Following Malcolm Turnbull’s appointment as the Australian Prime Minister, it seems it will be business as usual for the Australian property market.
Prior to the election, the Labor Party promised to make changes to the current negative gearing laws if they were to win the election. Negative gearing laws allow investors to offset losses on investment properties to reduce their taxable income. Labor’s proposal was to alter these laws by restricting negative gearing to first home buyers. The change was to be grandfathered, with investors buying prior to 2017 exempt from the proposed changes.
The proposed changes were welcomed by some first home buyers and investors trying to break into the market, as the changes were aimed to soften property prices. However, many investors were concerned that without the tax benefit, it would make it more difficult to continue to build a property portfolio.
Now that we know the election result, what exactly can we expect from the property market?
The re-election of the Liberal Party is likely to influence a continued increase in foreign investors within the Australian property market, who, like local investors also benefit from negative gearing rules. In 2014 there were 56,000 investors from outside of Australia, 40% of which claimed tax deductions on their property investments in Australia.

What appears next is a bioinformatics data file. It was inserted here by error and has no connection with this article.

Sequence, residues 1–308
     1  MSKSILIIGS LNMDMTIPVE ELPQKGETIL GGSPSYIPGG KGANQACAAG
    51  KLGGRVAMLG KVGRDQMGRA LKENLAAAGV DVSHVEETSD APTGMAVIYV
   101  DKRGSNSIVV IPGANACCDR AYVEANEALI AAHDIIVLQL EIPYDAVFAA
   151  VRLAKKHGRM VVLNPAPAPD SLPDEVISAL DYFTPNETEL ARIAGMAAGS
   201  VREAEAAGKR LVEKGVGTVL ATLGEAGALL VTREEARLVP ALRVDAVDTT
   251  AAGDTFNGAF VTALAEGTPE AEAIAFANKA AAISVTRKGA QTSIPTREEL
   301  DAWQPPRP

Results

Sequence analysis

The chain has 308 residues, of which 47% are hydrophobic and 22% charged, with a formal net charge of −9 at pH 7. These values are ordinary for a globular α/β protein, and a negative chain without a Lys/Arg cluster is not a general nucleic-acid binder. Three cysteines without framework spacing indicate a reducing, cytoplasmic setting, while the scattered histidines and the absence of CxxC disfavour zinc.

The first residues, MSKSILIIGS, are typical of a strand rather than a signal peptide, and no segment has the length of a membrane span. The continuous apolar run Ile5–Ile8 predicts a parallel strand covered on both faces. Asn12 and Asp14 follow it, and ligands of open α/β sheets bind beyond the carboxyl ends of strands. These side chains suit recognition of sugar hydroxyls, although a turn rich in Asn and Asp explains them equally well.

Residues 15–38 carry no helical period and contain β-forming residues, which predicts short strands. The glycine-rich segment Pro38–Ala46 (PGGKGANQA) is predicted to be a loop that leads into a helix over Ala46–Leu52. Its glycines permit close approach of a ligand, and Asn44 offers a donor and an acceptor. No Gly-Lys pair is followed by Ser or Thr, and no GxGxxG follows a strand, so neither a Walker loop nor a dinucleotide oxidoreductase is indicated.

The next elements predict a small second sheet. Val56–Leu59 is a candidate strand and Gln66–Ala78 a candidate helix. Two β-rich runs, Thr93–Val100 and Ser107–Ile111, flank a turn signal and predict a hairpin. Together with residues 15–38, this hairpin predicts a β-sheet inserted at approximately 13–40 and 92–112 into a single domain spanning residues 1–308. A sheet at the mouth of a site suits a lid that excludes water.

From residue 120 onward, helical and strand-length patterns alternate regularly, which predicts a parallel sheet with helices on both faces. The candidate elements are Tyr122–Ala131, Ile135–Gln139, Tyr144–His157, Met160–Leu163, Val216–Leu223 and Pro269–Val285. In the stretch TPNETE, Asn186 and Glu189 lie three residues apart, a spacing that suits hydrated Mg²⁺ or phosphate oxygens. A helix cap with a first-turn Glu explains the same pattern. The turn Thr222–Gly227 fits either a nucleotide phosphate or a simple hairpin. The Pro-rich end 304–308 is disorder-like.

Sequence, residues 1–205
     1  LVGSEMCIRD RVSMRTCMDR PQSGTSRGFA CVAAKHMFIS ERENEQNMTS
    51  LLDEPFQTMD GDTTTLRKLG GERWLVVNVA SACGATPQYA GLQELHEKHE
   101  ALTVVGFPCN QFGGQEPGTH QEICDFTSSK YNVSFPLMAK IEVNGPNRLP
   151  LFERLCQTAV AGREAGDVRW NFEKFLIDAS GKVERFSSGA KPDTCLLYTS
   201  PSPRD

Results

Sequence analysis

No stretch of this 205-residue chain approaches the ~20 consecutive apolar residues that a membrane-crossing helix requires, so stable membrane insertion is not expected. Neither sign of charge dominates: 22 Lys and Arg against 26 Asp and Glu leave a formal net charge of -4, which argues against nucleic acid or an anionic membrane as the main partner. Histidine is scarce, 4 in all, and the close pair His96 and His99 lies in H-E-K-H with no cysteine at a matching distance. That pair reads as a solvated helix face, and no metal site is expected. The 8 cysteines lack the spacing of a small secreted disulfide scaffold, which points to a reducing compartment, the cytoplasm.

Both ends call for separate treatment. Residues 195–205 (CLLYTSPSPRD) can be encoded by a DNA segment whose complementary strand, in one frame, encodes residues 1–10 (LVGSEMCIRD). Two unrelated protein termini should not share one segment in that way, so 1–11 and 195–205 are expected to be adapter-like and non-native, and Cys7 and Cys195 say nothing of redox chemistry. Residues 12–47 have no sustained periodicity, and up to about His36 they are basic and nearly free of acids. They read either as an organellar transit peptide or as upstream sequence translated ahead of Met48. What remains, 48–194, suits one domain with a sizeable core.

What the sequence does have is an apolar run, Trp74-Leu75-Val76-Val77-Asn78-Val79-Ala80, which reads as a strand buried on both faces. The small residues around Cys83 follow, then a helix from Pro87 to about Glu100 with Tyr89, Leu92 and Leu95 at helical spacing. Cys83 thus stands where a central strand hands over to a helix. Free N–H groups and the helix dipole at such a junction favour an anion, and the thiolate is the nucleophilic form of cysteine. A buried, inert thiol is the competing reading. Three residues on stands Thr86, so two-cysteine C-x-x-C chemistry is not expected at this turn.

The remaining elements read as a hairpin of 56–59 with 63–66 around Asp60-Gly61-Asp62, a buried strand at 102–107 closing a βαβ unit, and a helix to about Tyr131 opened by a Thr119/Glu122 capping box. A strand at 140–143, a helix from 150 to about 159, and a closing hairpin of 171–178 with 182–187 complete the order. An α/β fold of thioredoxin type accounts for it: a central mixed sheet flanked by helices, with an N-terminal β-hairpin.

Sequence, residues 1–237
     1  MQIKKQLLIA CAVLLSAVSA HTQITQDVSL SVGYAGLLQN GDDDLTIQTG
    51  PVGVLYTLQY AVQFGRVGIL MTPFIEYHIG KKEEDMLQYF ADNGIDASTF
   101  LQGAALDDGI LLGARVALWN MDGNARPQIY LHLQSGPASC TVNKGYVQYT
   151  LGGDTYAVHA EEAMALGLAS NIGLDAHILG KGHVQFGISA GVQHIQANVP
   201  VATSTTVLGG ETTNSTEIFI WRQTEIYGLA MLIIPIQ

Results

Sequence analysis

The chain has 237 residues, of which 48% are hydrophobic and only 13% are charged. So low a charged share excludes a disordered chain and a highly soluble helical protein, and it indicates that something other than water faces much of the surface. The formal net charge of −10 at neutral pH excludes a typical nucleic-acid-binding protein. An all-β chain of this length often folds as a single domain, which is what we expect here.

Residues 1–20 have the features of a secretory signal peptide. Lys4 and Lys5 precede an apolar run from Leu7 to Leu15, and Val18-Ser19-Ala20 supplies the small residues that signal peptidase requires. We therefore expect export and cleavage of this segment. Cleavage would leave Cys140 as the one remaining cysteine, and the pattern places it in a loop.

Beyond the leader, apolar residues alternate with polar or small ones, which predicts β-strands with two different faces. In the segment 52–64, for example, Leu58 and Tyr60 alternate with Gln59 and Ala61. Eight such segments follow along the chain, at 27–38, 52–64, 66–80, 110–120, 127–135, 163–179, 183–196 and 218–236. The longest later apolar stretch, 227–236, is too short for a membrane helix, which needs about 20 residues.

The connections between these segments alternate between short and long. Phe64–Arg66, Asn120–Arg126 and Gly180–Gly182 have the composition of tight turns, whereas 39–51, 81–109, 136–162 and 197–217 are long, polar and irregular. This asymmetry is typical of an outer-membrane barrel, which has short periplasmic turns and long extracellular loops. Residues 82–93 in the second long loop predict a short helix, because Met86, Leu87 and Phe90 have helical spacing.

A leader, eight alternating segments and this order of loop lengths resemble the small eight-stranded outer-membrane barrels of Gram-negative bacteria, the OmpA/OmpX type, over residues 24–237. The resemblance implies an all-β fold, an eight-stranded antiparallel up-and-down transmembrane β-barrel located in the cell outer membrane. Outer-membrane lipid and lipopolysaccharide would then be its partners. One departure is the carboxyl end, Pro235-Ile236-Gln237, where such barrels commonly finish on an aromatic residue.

What it means for first home buyers and investors
According to research released this week, the amount of first home buyers in Australia is now at its lowest in over a decade.
Source: Australian Bureau of Statistics, Housing Finance, May 2016
It’s important to note that many first time buyers are in fact not buying their first home, but rather an investment. Current reporting methods are not able to differentiate between someone buying their first property to live in and someone buying their first property as an investment property. It’s time the reporting bodies make this distinction to get an accurate picture of the market.
With a continued rise in foreign investors and a government that is not likely to change negative gearing, it is unlikely that we will see a significant softening of the property market, which would have allowed for first home buyers and investors to break into the market more easily. On the contrary, evidence suggests that first home buyers (and investors) now make up a diminishing fraction of the Australian property market.
What it means for investors
On the other hand, for seasoned as well as ‘mum and dad’ investors, the re-election of the Liberal Party is likely to be welcomed when it comes to property, with negative gearing benefits remaining fixed for those with multiple properties.
Although there are no proposed changes to negative gearing laws for the foreseeable future, it is possible that the large portion of Labor MPs which have recently been elected into Parliament could sway the debate.
To find out more about negative gearing contact me on 0403 324 905